Maybe opting out of steroid treatments, even if they’re of limited effectiveness and a high cost to us, was not a smart idea. Especially because I now believe the natural medicine camp is wrong about relapses going away on their own.

Given the unpredictable nature of MS and the way it progresses, it’s very possible that I still could have gotten worse even with the steroids. But I can never know for sure.

In truth, I also should have gotten physical and occupational therapy again when I was so sick after I quit my job this summer. If I had seen a neurologist, they surely would have recognized that and made the referral.

Or then again, maybe not; my neurologist was not the greatest. When I saw him in October and told him I’d been sick since the summer and that steroids weren’t as effective for me anymore, he referred me for IVIg treatment instead. I did believe the IVIg would have worked, but it was far beyond what I could afford.

After I found out that the expense was far beyond what I could cover, I told his staff that I couldn’t afford the IVIg treatment and that was the end of that. They said maybe I could come back after the first of the year, assuming I’d have enough money in an FSA after the new year to cover it. (Not even close. Most people don’t have an FSA equal to nearly 40 percent of their annual gross income. And I’m actually going into the new year without any insurance at all.)

But they also didn’t say anything like “hey, do you want to try steroids anyway?” Or “we should at least get you some PT and OT.” Nope: I was left dangling over the proverbial cliff, presumably until I get good enough insurance that it covers those kinds of treatments, when and if that ever happens.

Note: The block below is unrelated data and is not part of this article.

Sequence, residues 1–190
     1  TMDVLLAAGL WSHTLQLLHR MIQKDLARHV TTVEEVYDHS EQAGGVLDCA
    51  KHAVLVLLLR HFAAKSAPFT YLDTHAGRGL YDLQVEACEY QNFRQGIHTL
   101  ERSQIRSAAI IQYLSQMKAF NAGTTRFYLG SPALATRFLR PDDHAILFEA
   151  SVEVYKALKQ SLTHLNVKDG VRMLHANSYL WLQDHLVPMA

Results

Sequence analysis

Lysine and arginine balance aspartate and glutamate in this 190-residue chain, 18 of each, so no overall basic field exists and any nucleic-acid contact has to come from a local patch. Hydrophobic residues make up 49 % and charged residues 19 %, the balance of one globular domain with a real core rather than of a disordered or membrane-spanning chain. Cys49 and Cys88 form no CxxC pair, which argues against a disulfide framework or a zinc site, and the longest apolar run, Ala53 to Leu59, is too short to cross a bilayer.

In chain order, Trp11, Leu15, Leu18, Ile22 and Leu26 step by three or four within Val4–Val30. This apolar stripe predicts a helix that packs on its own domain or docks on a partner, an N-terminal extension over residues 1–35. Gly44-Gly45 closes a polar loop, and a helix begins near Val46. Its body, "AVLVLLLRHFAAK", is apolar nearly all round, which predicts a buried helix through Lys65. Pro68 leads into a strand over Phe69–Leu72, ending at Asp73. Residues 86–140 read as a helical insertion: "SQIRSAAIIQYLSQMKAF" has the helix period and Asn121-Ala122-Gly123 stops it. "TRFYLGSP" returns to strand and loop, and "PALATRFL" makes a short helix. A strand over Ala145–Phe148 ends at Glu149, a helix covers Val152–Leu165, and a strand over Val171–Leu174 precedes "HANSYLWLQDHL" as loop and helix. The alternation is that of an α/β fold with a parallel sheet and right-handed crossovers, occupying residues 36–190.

If I can’t afford IVIg, will I ever get better? I don’t actually know. Realizing that I’m still as sick as I was when I left my job and that I never recovered from that was a rather sudden realization.

I recovered a little bit after my horrific relapse and hospitalization last year. After having a couple months of PT and OT, I was back to about 80 percent of my pre-hospitalization baseline. But then I lost nearly all of that progress when I had my full-time job.

I may not ever get better from where I am now. No one can really say if I would have avoided getting this bad if I had seen my neuro and gotten treatment when I left the job. MS is progressive and it’s not uncommon for people to have relapses that just permanently leave them more worse off than before. That’s why so many people with the normal relapsing kind of MS take meds to try to prevent relapses, because you never know if the next relapse will have permanent effects. You know, like what happened to me.